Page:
Why is it important to bear witness to our Quaker history and Faith? Well, a good explanation may be an event in Washington, where a Quaker peace vigil coincided with a Palestinian protest. We were a few hundred Friends walking up Pennsylvania Ave. completely surrounded by Palestinians chanting death to one thing or person or another, and some other rather violent chants mixed in with their chants which expressed hope for justice. I began to sing in a rather ... well really loud voice, "All we are saying is give peace a chance" (thank you John Lennon). Other Friends took up the song. We began to be heard over the bullhorns.

A young Palestinian girl looked daggers at me and hissed, "I can't sing that song!" I smiled at her and said, "We are called to sing that as we are Quakers." She instantly broke into a HUGE warm smile and said excitedly, "I know about you! You have the school in Ramalah!" She pulled others of her friends around to introduce us to them. "It's all right, I know why you are singing now," she said. And that is it.

Our witness for peace is not like every other witness for peace. It is wrapped in our past of standing aside from all war, while loving the combatants equally. So, my public life is a statement as a Friend.

Peace. That is an easy one. A good story which goes along with this thought, is my friend and Friend John. John told me that he was running for a subway train and swiped his card at the turnstile and forged ahead. The card was not read, and he was hit rather hard in his lower middle by the turnstile which refused to turn. A rather vile oath was ready on his lips. He said he thought of how silly it would look, a Friend in a broad brimmed black hat cussing like a sailor, so the curse stayed put in his shocked and momentarily angry heart. Peace.

Fair labor is the hard one today. I try hard not to purchase slave made or prize goods. Plastic is a prize good, and it is hard to justify replacing it with Ivory again, though I understand North Sea dredging has now found so much Woolly Mammoth Ivory that there is now a market for it! (It's OK, the Mammoth is already extinct!) But, seriously, as in earlier posts, this is an aspiration and attempt, but still a witness. I hope we may urge other plain communities to stop production in China unless we can be assured that the Asian workers are well paid and not used to disemploy our sisters and brothers in the USA.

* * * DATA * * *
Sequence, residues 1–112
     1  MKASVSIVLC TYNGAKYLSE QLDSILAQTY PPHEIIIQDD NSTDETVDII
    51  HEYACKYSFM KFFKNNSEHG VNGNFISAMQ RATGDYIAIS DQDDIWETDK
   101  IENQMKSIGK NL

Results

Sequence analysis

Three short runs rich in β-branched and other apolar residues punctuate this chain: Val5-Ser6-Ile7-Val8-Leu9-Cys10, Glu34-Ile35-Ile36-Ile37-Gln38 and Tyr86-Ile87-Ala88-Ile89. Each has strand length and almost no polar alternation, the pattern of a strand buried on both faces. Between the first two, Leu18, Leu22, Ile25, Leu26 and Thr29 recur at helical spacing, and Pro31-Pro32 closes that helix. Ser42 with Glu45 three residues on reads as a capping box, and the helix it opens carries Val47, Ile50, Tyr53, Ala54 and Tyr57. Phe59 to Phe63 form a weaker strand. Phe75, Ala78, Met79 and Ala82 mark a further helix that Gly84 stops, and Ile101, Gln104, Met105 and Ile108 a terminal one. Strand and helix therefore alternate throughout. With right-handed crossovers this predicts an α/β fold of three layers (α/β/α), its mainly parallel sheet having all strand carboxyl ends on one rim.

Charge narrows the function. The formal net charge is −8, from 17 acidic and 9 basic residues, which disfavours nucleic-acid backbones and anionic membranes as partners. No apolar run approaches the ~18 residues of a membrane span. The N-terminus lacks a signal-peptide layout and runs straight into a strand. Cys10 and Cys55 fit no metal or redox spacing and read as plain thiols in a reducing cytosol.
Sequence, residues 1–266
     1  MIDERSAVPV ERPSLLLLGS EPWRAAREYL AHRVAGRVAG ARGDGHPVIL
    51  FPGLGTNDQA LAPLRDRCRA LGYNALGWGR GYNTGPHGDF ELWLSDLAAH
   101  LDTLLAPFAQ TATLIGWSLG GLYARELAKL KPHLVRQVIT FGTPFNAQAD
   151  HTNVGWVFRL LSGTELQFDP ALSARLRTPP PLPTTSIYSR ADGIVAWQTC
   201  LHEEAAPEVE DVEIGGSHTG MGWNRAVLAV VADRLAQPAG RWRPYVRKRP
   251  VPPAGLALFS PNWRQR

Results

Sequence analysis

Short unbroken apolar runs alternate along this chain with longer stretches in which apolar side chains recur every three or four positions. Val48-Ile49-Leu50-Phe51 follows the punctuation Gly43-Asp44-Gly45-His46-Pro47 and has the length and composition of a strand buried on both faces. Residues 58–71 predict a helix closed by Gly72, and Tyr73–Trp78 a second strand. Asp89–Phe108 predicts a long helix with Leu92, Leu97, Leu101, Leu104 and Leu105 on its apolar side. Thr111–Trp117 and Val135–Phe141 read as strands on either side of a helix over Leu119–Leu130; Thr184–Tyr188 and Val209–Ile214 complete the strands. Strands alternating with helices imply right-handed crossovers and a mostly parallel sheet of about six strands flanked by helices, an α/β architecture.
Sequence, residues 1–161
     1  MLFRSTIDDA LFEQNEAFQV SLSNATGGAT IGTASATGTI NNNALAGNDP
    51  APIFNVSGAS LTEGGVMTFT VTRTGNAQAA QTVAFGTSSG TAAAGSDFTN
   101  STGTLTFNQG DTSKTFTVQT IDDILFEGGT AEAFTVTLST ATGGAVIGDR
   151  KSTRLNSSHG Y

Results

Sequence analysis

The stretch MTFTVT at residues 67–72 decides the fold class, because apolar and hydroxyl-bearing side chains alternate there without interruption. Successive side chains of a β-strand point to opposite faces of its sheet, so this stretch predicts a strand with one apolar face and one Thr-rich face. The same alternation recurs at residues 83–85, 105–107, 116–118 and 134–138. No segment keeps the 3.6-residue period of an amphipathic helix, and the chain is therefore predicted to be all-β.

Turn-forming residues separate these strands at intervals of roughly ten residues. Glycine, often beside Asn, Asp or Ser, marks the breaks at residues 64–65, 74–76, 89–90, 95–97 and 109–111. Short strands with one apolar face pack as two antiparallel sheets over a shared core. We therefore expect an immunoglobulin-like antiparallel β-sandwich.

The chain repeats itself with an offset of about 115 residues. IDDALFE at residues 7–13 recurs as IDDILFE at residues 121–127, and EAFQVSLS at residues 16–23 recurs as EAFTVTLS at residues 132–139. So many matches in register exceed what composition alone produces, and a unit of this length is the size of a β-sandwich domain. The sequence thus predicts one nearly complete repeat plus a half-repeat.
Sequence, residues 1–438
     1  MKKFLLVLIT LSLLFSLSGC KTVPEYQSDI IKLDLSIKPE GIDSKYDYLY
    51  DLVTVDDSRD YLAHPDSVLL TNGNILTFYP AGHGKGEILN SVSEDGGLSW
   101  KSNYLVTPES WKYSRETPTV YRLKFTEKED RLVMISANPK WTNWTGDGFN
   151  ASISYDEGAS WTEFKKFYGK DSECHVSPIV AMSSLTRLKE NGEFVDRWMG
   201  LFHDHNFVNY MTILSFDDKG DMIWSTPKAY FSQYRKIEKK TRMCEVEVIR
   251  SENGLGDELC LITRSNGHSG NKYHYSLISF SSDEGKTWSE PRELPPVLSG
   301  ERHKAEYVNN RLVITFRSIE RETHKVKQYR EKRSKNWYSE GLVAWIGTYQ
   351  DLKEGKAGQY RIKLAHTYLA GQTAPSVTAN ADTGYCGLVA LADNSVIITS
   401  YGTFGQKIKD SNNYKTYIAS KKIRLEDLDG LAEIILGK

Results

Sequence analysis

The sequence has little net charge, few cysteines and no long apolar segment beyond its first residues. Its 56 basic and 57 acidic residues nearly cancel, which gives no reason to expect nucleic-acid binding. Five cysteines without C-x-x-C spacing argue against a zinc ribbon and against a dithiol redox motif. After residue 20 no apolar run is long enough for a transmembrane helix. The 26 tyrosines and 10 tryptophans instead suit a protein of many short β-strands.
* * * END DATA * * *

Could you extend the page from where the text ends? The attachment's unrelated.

I must admit here, that one of my plain jackets from Goodes was made in China, bought it in a pinch and like Penn's sword, I labor over my comfort and discomfort in wearing it. I hope Amish Sisters and Brothers may be able to tell me of how and where in China and under what conditions Amish imports are made. I think that we should consider seeking an opening way to make our clothes here where we can oversee the fairness of its production.

I am also concerned of clothing made in association with the "Christian Patriot" movement. It has been my experience and their public writing that the "Christian Patriot" movement endorses violence and violence in the worst way, cowardly stalking and killing of those they perceive as "God's enemies." I pray we all hold them in the light and ask them to look deep into their souls to find God's love.

Thursday, December 09, 2004

To "Pants" Hitler at Nuremberg?

To "Pants" Hitler at Nuremberg?

Either Abi Hoffman or Jerry Rubin once said if someone had pantsed (come up behind him and pulled down his drawers) Hitler at Nuremberg there would have been no holocaust. Maybe. I must admit to often pantsing Hitler, well, more pantsing the party and embracing the individuals. But, is this fighting with outward weapons? Is it hard to love while laughing at someone. Well, I've work to do, I know, but to pants or not to pants

I just wrote a song, about the murder committed by members "Christian Patriot Movement" -- a rag tag army of ultra right wingers, ex Klansmen and well... I am struggling not to laugh in my rage.

An Unsent Letter

An unsent letter ... for consideration.

There is a plain clothes site, which also sells American Flag buttons, support the troops yellow ribbons, and nine eleven pins.

I am sitting and laboring, and considering this. I recall John Wollman's concern when he embraced the Delaware (I believe) warrior who ran at him with a tomahawk. He spent days after considering his motives in embracing the fellow -- spiritual bravado or true love. Where is my love in sending this, if their hearts are hardened to war? Are their hearts hardened to war?

To me, support for the killing of 100,000 men women and children of Iraq denies that we are one in God. Well, I'd appreciate anyone helping me in looking inside myself on this. Maybe, and I think this is likely, a letter is not the way, but rather I should look to finding a time to go, and labor with these plain Sisters and Brothers on this ... to ask them where God's love is found in their witness for patriotism...